Former President Ion Iliescu appeared on Wednesday before Romania's top court, which is prosecuting him for crimes against humanity during a bloody anti-government protest 25 years ago in which six people died and hundreds of others were injured.
Iliescu, 85, went to the High Court of Cassation and Justice on Wednesday to hear charges connected to the violent repression of the protest. He denies wrongdoing but made no statements during the session.
A court statement said he is being prosecuted for the deaths of four people, the shooting of three others and depriving 1,000 people of their freedom. Prosecutors haven't explained why he is being charged with four deaths rather than the six that have been consistently reported.
The head of the Romanian Intelligence Service at the time, Virgil Magureanu, a close ally of Iliescu, also appeared before the court. Asked whether he was guilty of crimes against humanity, he said, "That's a stupid question."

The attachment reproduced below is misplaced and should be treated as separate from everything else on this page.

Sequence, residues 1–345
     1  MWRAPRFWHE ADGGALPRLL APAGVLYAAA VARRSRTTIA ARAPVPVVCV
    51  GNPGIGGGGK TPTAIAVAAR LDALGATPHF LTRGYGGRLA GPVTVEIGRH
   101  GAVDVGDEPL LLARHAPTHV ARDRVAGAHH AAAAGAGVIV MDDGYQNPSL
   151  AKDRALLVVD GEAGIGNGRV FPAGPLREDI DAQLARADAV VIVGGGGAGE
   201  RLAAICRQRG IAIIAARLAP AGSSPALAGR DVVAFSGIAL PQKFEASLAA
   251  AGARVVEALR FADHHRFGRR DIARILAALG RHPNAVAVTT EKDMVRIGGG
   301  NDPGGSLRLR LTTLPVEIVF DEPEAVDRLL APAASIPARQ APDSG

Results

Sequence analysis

Later Wednesday, the defense minister at the time, Victor Stanculescu, also appeared before the court. He told reporters prosecutors cited him as a suspect in the case.
In June 1990, club-wielding coal miners and police broke up a weeks-long pro-democracy demonstration in Bucharest, arresting and beating thousands of people.
Afterward, Iliescu thanked the miners, drawing criticism at home and abroad. Romanian television stations on Wednesday replayed footage of him thanking the miners.
The European Court of Human Rights has ordered Romania to pay compensation to victims.
The case was never properly investigated because of the continued presence of former communists in the government. But in March, military prosecutors announced they reopened the case.
Thousands of Romanians emigrated after the riots amid doubts about Romania's commitment to democracy, six months after the ouster and execution of Communist leader Nicolae Ceausescu.
Iliescu was elected president three times, serving from 1990 to 1996 and from 2000 to 2004.